Policy Spotlight: Reducing Barriers to Advanced Course Access for Underrepresented Students
Advocates in Washington, Colorado, and North Carolina led separate, breakthrough campaigns that addressed a single issue: traditionally underserved students are placed in advanced courses less frequently than their peers—even though they are equally prepared. These concurrent campaigns, led independently by each state-based organization, highlight the power and synergy of leaders making smart policies serve their students. And while the policy in each state looks different, their mission is the same—reduce historic barriers to advanced course access for underrepresented students.
Washington is the first state to adopt an automatic enrollment policy for advanced math, English, and science classes in all high schools. Led by Stand for Children Washington, a coalition of advocates built upon six years of work, beginning with the 2013 Academic Acceleration Incentive Program, which encouraged adoption of the policy with grants for school districts. Since then, fifty districts have adopted the policy and the majority have seen gains in enrollment by students from systemically underrepresented populations. A simple switch from “opt-in” to “opt-out” will help identify a far greater number of talented students ready for college level coursework.
Policy makers created a grant program to incentivize districts and schools to create an auto-enrollment policy and provide funding for schools and districts that choose to implement auto-enrollment. This legislation passed 100-0 in the state legislature with over 80 co-sponsors. It focuses on students as early as third grade, and students can be automatically enrolled in any advanced course they have shown proficiency in. The bill has changed the conversation in Colorado to focus on the “participation gap” of students in poverty enrolling in advanced coursework.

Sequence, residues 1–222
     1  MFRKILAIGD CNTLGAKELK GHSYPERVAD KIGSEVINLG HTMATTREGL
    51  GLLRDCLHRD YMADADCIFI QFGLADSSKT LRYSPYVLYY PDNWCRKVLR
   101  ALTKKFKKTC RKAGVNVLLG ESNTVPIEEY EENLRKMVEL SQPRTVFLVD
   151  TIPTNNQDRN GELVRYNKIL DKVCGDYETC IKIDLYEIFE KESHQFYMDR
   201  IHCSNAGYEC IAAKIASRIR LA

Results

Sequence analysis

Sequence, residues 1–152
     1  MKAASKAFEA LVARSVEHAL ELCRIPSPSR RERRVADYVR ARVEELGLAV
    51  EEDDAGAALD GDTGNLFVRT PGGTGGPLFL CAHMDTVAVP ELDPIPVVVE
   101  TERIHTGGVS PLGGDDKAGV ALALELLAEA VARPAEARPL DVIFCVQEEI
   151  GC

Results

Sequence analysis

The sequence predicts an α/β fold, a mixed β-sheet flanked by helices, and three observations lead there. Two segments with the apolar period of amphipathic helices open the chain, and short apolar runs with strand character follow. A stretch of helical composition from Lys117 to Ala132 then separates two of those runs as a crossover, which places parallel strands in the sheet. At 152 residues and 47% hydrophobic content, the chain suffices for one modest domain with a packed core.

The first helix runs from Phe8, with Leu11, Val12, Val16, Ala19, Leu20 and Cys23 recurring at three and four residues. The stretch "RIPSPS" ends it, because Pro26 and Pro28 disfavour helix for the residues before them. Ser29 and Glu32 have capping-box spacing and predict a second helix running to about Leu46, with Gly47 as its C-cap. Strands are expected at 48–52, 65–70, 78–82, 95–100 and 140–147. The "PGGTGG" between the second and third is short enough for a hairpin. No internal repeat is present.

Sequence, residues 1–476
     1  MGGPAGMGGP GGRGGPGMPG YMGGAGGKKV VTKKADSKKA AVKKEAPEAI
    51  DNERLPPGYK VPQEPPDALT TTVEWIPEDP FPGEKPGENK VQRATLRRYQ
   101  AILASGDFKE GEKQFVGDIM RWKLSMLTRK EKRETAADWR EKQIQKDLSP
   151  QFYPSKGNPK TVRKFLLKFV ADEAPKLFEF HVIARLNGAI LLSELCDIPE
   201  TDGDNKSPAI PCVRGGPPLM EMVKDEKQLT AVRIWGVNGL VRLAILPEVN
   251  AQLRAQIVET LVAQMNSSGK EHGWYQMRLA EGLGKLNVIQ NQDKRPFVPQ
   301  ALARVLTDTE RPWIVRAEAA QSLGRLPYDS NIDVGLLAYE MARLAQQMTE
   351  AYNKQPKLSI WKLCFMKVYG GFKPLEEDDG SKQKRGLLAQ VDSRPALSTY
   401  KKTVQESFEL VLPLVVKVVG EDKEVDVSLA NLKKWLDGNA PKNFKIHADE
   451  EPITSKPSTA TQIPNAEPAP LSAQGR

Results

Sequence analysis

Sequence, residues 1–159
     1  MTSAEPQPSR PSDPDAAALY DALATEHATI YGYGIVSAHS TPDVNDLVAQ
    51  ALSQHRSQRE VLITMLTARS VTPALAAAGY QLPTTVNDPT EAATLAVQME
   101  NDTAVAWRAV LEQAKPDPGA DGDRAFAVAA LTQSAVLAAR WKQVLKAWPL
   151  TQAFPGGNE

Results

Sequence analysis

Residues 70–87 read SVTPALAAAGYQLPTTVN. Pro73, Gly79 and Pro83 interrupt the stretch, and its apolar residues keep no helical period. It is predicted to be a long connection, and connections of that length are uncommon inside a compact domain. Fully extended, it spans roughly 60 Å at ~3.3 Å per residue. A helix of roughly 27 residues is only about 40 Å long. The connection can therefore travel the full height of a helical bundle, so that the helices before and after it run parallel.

In 2018, North Carolina became the first state to pass a statewide automatic enrollment policy for advanced math courses. The policy, which applies to students in grades 3-12, requires school districts to place students earning the highest level on the End-of Grade tests in math to be placed into an advanced math course the following academic year. In the first year of implementation, an estimated 10,000 students were appropriately “placed up” into an advanced math course as a result of this policy.
In 2019, North Carolina passed a second piece of legislation to strengthen the automatic enrollment policy. This new law requires annual reporting on policy implementation including tracking how this policy may impacts the number of economic disadvantaged students and students of color completing advanced math coursework. The 2019 policy also requires school districts that have not traditionally offered high school level math for high-achieving eighth-grade students to begin offering those courses by the year 2020-21. Both the 2018 and 2019 policies passed unanimously with bipartisan sponsorship.